Use our recipe to make a green kroeung Khmer herb and spice paste.
Put 1 teaspoon of prahok (fermented fish paste) in 50 mls of water, stir vigorously and mash any chunks until they’re almost dissolved. Discard any bones and stringy pieces.
Dry roast the long grain rice in a wok (see notes above).
Prepare the vegetables and fruit, chopping everything into bite sized pieces: chop your Asian pumpkin and long Asian eggplant into bite sized pieces; cut the small round eggplants into quarters; slice the carrot into ½ cm slices to give colour to the dish; chop the beans into pieces of approx. 4cm length; chop the papaya into bite-size pieces; slice the green banana into ½ cm slices; and cut the green jackfruit into strips lengthways. Set everything aside.
Stir-fry the pea eggplants in 1 tablespoons neutral cooking oil in a wok on medium-high heat, constantly stir-frying the eggplants until they are soft, brown and a little charred. This removes the bitterness and sweetens. Set them aside.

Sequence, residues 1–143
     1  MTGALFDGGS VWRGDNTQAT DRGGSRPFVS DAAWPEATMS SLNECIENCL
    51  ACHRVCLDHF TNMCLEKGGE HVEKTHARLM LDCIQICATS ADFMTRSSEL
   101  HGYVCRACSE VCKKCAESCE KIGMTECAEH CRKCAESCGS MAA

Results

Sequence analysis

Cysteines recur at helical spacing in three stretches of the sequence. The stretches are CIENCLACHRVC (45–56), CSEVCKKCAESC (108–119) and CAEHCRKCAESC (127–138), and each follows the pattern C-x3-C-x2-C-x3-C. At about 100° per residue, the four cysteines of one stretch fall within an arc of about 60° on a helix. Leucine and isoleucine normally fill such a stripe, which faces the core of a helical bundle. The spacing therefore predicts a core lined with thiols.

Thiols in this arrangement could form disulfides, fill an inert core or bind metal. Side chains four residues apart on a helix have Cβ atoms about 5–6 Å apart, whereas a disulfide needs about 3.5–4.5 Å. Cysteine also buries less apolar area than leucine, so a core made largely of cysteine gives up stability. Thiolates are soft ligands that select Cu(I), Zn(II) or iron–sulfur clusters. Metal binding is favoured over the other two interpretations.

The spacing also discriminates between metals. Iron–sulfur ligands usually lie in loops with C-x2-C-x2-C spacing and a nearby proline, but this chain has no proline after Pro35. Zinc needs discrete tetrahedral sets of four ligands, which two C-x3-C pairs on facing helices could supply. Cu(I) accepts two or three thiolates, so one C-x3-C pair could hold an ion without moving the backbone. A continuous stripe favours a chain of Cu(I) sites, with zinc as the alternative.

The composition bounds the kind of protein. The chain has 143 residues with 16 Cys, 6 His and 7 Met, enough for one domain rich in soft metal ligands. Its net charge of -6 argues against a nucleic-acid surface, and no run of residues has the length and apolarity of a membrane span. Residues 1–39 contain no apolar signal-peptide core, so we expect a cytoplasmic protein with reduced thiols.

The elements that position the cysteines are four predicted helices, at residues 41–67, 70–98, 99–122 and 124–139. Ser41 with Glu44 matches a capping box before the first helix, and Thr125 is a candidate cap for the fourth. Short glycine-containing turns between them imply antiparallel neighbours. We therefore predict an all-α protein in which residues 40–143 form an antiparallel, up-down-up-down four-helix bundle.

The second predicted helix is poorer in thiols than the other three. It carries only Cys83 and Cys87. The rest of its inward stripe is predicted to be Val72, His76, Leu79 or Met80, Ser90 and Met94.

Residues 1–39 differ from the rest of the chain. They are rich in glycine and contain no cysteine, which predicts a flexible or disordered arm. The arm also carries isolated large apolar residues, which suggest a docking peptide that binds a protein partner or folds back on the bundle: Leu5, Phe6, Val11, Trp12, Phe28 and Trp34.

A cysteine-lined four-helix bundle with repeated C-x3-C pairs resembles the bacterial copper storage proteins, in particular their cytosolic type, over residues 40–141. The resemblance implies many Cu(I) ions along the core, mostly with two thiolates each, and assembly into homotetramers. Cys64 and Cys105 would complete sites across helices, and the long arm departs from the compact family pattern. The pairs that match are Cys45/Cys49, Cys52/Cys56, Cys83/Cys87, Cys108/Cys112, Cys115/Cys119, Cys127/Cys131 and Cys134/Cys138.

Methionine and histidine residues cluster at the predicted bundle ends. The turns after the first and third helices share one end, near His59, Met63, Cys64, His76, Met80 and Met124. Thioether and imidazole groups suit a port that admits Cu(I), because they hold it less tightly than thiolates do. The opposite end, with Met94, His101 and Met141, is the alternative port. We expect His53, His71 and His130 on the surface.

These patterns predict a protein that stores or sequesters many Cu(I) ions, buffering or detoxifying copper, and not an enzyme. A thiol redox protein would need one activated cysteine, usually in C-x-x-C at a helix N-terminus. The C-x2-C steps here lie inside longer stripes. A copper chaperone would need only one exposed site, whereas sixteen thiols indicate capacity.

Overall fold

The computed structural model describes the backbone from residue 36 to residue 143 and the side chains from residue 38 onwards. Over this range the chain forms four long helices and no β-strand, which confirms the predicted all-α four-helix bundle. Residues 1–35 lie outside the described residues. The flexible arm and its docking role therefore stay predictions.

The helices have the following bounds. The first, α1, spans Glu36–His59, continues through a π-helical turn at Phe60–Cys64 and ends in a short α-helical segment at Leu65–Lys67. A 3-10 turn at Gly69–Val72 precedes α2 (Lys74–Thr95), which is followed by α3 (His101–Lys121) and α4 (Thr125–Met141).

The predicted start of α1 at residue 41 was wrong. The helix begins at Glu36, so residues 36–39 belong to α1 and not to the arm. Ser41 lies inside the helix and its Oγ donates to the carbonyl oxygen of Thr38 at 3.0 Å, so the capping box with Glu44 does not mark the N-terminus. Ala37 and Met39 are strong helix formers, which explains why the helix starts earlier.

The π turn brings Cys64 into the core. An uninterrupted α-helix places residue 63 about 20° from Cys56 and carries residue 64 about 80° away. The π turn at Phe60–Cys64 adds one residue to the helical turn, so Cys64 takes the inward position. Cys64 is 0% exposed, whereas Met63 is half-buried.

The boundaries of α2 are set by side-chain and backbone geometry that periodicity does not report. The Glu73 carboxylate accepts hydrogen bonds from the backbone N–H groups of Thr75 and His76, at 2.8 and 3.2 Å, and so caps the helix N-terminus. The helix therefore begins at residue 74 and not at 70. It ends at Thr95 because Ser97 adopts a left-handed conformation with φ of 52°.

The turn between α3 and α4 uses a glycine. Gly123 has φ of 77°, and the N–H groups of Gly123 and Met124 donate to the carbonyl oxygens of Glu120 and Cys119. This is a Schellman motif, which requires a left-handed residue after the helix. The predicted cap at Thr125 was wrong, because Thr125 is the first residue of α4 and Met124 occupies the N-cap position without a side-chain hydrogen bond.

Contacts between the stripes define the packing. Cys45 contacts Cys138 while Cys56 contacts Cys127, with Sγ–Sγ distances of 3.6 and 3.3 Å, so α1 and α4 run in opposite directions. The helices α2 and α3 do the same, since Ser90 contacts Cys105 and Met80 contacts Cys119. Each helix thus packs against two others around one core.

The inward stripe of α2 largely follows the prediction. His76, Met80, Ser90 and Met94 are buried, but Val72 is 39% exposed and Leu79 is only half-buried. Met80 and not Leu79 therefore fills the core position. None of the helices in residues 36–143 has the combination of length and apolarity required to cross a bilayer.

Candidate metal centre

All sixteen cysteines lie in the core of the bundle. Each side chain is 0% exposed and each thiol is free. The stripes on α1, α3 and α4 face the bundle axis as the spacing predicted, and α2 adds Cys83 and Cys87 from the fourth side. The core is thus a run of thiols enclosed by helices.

Heat 2 tablespoons of cooking oil in a large soup pot. Add two tablespoons of green kroeung and quickly fry for a minute or less to release the aromas, before adding the chopped pork or chicken, the prahok in its liquid or fish sauce, salt, and sugar, and fry until cooked.
Add two cups of water (or vegetable stock), then the firmest vegetables first, such as the pumpkin, carrots and green fruits, along with half the dry-roasted rice, stir, and bring to a boil, before turning down the heat to simmer gently.
Add another two cups of water to the pot, along with the catfish if you choose to use it (or fish of your choice), the remaining vegetables that take less time to cook, and the other 2 tablespoons of green kroeung, and stir.
Continue to simmer gently, add the remaining roasted ground rice, and the remaining water, stir, and continue to simmer until you have a dense, hearty, almost stew-like soup.
Taste, and add more salt or sugar if needed so that the flavour is balanced. If necessary, add more water, stir, simmer, then ladle into individual bowls. If this is a main meal, Cambodians would eat this with steamed white jasmine rice.